Desperately looking for work, they are forced into factories. The normal workday is supposed to be eight hours, but is generally at least 10 and often 12 hours, with the extra hours being mandatory unpaid ‘overtime’.

The delegation heard amazing stories from young women who have been working in factories since they were 12 or 13 years old and were fired for trying to organise unions. Many workers told of the pressure to meet production quotas, not being allowed lunch, or even water and bathroom breaks. They have endured physical and emotional abuse.

Some workers who tried to organise have been arrested on false charges of terrorism. Other workers were beaten and their families were intimidated. Almost all of them have been threatened with the loss of their jobs if they did not lie to outside auditors and state that working conditions were great.

Workers told how they were forced to sign papers showing that they received amounts of money vastly inflated from what they were actually paid. One woman told her story of being videotaped while receiving her maternity benefits and then having them forcibly taken away.

The delegation was told about former colleagues being fired for speaking out, or arrested, beaten and blacklisted from the industry so that they are no longer able to make a living. These are not the working conditions of people living in the 1800s. These are the current conditions under which millions of mostly young women work to produce cheap clothing for large multinational corporations, whose demand in the West continues to grow exponentially.

Over four million Bangladeshis work in this sector. Their work helps bring in over 75 per cent of the country’s foreign exchange, yet the vast majority of them work for less than $100 CDN a month. The delegation visited the sites of the Rana Plaza building collapse and the Tazreen Fashion factory fire with Akter, who recounted the tragedies that took the lives of over 1,300 workers.

Akter told about going into the Tazreen building and retrieving documents that showed that brands such as Wal-Mart were sourcing work from that building. When the company tried to deny their presence in the building and therefore their culpability in the fire, the documents she collected helped to prove what really happened.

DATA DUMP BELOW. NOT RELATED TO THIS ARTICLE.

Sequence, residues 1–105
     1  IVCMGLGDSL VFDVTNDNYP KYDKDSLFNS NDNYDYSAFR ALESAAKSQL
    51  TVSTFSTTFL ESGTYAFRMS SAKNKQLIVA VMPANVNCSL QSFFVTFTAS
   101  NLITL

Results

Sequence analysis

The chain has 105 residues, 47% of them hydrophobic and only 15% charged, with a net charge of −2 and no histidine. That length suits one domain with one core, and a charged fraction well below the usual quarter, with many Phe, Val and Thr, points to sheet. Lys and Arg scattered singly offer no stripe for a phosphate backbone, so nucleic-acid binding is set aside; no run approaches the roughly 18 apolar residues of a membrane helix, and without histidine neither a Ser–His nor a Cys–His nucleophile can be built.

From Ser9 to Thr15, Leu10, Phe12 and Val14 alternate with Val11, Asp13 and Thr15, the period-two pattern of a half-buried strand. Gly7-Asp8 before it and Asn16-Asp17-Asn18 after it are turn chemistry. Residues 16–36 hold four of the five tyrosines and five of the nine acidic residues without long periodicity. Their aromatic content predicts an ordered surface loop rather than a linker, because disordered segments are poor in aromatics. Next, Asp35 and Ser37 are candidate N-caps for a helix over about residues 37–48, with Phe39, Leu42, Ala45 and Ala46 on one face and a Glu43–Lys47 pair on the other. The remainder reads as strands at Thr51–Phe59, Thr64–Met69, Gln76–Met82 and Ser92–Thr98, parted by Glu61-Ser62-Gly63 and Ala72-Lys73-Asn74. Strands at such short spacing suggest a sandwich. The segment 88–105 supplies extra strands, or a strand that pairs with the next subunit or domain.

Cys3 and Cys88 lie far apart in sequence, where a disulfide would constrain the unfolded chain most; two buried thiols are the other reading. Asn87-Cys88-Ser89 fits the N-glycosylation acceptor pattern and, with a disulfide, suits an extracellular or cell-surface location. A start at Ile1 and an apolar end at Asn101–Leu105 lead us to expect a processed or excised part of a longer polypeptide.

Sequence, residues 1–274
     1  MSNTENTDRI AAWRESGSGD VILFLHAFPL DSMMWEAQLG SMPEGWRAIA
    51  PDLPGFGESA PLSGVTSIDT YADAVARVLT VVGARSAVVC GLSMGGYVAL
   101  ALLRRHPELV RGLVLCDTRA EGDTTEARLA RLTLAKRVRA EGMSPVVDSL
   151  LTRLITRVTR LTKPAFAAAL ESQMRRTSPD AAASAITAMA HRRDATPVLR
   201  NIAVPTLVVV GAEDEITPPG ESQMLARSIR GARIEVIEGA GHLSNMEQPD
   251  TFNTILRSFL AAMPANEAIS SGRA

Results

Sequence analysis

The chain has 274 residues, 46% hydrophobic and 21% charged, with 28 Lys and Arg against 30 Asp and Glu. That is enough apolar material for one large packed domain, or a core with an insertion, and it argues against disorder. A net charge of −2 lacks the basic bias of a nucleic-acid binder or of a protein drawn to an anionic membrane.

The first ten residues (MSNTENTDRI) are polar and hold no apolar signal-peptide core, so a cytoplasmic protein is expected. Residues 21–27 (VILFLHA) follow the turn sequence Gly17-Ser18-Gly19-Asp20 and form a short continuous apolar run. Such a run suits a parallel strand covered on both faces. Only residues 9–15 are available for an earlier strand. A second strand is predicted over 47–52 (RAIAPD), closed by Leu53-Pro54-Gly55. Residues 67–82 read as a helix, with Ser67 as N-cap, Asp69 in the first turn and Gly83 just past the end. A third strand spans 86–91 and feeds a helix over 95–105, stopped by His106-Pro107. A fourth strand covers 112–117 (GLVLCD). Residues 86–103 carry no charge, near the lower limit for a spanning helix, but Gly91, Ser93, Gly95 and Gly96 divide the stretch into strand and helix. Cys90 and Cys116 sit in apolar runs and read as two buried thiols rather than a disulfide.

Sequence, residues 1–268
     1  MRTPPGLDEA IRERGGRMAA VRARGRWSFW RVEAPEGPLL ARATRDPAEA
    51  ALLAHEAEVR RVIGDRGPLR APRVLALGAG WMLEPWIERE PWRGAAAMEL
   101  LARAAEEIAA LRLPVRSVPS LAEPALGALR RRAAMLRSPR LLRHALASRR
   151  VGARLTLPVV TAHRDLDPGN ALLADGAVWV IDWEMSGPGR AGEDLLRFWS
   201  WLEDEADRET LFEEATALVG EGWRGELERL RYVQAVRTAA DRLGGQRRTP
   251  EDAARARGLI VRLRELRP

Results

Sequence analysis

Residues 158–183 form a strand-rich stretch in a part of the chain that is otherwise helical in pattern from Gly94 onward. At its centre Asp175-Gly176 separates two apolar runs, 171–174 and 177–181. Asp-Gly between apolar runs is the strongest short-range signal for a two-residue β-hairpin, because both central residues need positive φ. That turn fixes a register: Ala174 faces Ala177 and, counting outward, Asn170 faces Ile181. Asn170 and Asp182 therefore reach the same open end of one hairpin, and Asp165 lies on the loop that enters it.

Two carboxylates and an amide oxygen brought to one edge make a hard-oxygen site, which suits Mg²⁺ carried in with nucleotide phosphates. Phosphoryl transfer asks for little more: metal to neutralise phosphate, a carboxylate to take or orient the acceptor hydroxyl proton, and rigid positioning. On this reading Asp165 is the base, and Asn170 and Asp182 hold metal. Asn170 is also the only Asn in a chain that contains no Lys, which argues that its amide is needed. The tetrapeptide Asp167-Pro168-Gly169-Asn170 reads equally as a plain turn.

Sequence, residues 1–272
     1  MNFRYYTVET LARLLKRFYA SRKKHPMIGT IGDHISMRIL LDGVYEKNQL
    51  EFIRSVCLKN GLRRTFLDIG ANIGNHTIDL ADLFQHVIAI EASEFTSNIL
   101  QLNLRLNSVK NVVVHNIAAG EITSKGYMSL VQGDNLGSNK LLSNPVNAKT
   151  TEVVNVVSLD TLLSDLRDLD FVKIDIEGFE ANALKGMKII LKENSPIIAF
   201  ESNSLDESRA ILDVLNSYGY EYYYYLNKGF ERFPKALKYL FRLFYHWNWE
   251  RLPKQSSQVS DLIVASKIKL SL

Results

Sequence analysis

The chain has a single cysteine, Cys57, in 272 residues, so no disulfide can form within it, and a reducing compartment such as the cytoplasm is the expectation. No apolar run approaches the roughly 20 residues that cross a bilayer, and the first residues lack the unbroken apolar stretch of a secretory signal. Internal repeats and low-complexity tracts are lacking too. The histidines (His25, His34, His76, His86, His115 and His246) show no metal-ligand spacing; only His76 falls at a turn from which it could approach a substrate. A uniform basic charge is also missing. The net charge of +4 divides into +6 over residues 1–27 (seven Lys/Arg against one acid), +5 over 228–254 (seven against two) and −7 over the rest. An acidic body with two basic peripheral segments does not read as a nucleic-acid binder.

Many of the workers believe that their only hope is to pressure the global brands, so they will compel the factory owners they subcontract work to in Bangladesh, to respect health and safety regulations and the right to organise unions.

Workers appealed to the delegation to ensure that consumers in the West understand the conditions under which they work, and to expose the brands that continue to look the other way. There is a feeling among workers that if Canada actually cared about the conditions under which they work, the government would make access to the Canadian market dependent upon better working conditions.

The conditions should include a living wage and access to public services such as health care, clean water, and health and safety regulations that are actually enforced. The BCWS offers hope in the middle of this dreadful situation.

With a handful of organisers, three labour lawyers and a few other dedicated staff, the centre tries to provide education about workers rights under Bangladesh’s labour laws. This work has drawn the ire of the authorities, and the centre’s staff have been arrested, threatened and beaten.

In one case, their colleague Aminul Islam was murdered. Despite the constant threats the centre keeps doing the work, and workers keep organising. If there is any hope for the millions of unorganised garment industry workers in Bangladesh, it lies in the determination of the activists the delegation had the privilege of meeting over the last few days. Their courage in the face of such incredible odds left everyone in awe.